“That Green Bay game was pretty special, also, going into those elements,” Burress said. “Nobody picked us to win that football game and knowing how cold it was going to be, it was the most excruciatingly hard 3½ hours I’ve ever played through.
“Yeah, I had the game of my life, because I had already lost two championship games (as a member of the Pittsburgh Steelers). I was just waiting on mine. I would say, ‘I’m not going home.’ It’s a hurtful game when you lose the championship game, because it’s like you’re right at the doorstep, but then you have to start all over. You never know when you’re getting back.”
*Burress was back with the Steelers in 2013, but his season ended in August, when he tore the rotator cuff in his right shoulder after landing awkwardly in a training camp practice. Three days later, Burress underwent surgery.
In 11 NFL seasons with the Steelers, Giants and Jets, Burress has 553 receptions for 8,499 yards and 64 touchdowns. Now 36, he has not ruled out a comeback this year.
“I’m going to see how I feel,” Burress said. “If I don’t, I’m very satisfied with the things that I’ve done in this business. I’m just not going to go out there and risk my physical health just to go out and prove people wrong. The job is to prove to myself that I can go out there and be healthy and have an impact. I just don’t want to go out there to say that I came back from a major injury. I want to make the right decision for me.”
*Two years ago, Manning and the Giants beat New England again in Super Bowl XLVI in Indianapolis, where his older brother Peyton starred for the Colts for 14 years. Now Peyton Manning has a chance to win his second Super Bowl Sunday in MetLife Stadium, where Eli and the Giants have played their home games since 2010. Peyton’s AFC champion Denver Broncos will meet the Seattle Seahawks Sunday in Super Bowl XLVIII.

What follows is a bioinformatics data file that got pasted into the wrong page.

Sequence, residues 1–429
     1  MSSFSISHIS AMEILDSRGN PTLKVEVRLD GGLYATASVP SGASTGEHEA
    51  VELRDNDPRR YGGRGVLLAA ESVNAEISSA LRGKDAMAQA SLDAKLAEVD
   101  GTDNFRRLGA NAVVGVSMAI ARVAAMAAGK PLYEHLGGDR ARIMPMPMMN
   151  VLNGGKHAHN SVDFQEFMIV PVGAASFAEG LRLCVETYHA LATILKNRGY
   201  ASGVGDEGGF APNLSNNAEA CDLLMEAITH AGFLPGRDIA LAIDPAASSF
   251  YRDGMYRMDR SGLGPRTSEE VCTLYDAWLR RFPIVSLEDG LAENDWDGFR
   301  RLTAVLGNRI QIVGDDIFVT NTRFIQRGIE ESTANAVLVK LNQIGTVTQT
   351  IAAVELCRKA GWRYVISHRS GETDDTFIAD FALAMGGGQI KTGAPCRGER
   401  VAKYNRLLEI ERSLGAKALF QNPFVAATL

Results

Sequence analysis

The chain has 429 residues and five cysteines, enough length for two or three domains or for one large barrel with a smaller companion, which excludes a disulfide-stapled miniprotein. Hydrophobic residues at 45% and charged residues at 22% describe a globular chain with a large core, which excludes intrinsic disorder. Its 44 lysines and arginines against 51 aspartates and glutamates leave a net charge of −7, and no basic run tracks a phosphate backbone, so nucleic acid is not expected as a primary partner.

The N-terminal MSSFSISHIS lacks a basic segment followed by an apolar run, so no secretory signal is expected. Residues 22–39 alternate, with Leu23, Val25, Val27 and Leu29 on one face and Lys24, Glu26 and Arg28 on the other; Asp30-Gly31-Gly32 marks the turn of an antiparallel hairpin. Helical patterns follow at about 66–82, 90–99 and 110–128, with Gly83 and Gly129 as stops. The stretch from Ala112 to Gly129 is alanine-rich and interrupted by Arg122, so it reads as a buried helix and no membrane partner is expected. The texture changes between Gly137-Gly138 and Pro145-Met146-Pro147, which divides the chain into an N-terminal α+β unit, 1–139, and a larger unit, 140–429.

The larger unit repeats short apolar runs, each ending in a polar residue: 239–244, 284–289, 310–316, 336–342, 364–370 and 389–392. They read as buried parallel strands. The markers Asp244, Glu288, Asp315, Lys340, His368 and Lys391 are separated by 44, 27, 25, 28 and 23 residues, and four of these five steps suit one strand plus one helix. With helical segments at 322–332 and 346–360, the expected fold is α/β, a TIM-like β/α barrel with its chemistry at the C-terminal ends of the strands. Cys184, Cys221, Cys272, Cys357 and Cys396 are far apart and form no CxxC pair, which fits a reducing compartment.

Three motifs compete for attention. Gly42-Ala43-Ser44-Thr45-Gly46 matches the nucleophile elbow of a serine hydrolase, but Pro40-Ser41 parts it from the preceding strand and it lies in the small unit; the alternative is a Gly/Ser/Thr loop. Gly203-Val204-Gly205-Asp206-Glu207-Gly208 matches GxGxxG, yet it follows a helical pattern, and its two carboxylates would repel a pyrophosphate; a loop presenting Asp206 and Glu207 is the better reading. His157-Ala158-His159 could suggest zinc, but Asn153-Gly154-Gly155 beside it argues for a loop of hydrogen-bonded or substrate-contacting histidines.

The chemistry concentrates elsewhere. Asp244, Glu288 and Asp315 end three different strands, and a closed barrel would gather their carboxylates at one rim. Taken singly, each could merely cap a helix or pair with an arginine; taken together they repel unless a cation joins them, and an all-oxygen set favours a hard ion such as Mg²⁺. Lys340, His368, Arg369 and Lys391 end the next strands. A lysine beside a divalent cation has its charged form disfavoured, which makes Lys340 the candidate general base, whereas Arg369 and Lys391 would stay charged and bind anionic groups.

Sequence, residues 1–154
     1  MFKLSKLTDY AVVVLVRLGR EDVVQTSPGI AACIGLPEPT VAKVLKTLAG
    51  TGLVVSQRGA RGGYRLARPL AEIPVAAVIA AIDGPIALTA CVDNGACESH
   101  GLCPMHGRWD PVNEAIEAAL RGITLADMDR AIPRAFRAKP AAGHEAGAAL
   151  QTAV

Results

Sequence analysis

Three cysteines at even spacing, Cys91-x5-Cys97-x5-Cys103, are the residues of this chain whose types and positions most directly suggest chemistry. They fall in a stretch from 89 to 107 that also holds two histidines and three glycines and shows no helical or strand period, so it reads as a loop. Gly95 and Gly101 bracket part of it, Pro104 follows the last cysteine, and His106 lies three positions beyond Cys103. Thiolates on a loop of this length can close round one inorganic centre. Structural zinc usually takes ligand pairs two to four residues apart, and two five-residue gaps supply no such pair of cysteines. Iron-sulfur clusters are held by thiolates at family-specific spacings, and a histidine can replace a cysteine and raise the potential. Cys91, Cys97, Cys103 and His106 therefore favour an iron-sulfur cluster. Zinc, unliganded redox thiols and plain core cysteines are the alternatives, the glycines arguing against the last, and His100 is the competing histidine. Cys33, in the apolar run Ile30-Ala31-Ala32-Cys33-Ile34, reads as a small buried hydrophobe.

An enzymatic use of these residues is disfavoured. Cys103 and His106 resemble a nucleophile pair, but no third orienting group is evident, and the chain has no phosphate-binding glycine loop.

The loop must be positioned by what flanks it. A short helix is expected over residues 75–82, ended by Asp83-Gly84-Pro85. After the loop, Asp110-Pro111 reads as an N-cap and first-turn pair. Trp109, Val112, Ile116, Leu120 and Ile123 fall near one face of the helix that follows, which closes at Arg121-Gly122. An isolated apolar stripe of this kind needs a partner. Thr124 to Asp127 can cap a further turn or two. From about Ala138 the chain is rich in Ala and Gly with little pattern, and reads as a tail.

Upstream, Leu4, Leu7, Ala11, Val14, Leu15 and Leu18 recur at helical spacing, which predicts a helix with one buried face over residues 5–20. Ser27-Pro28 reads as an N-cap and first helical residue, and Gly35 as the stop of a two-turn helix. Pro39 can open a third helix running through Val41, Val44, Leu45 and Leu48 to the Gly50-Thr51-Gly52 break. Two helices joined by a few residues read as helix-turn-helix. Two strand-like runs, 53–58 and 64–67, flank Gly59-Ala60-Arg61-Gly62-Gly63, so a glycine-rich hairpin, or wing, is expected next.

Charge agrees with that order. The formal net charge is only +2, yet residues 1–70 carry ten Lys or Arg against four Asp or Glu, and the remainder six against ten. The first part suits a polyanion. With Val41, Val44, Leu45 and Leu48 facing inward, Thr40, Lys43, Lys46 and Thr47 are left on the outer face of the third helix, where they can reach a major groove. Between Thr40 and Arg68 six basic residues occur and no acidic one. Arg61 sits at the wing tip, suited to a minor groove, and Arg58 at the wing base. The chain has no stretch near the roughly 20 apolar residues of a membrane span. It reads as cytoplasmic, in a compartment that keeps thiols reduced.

The Manning brothers dined together Tuesday night at Eli’s home in nearby Hoboken.
“That is a pretty unique and ironic situation that Eli played in a Super Bowl in Indianapolis, and that the Broncos have a chance to play in the one in New York,” Peyton Manning said today at the Broncos’ interview session in Jersey City. “I had a chance to see Eli last night. I got to visit with him and his family. He and I don’t get to spend a lot of time together in person. He came to the game two weeks ago against the Patriots. That’s one of four or five NFL games of mine that he has been to in person. It’s always special to have a chance to be with him. I met his second daughter for the first time; Lucy, my niece. She was born right before training camp. I had never met her. I enjoyed that time as an uncle last night.”
*Super Bowl XXXV will never be included in a list of best Super Bowls (especially by the Giants, who lost to Baltimore, 34-7), but a total of six assistant coaches in that game went on to become NFL head coaches.
The list includes the Giants’ coordinators, John Fox on defense and Sean Payton on offense. Fox is in his third season as the Broncos’ lead coach after leading the Carolina Panthers for nine seasons. Payton has been the New Orleans Saints’ coach since 2006.
From the Baltimore staff, Marvin Lewis (defensive coordinator), Jack Del Rio (linebackers), Rex Ryan (defensive line) and Mike Smith (defensive assistant/defensive line) became head coaches. Lewis has been in Cincinnati since 2003, Del Rio was the Jacksonville Jaguars coach from 2003-11, Ryan has coached the Jets since 2009 and Smith has been the Atlanta Falcons’ head coach since 2008.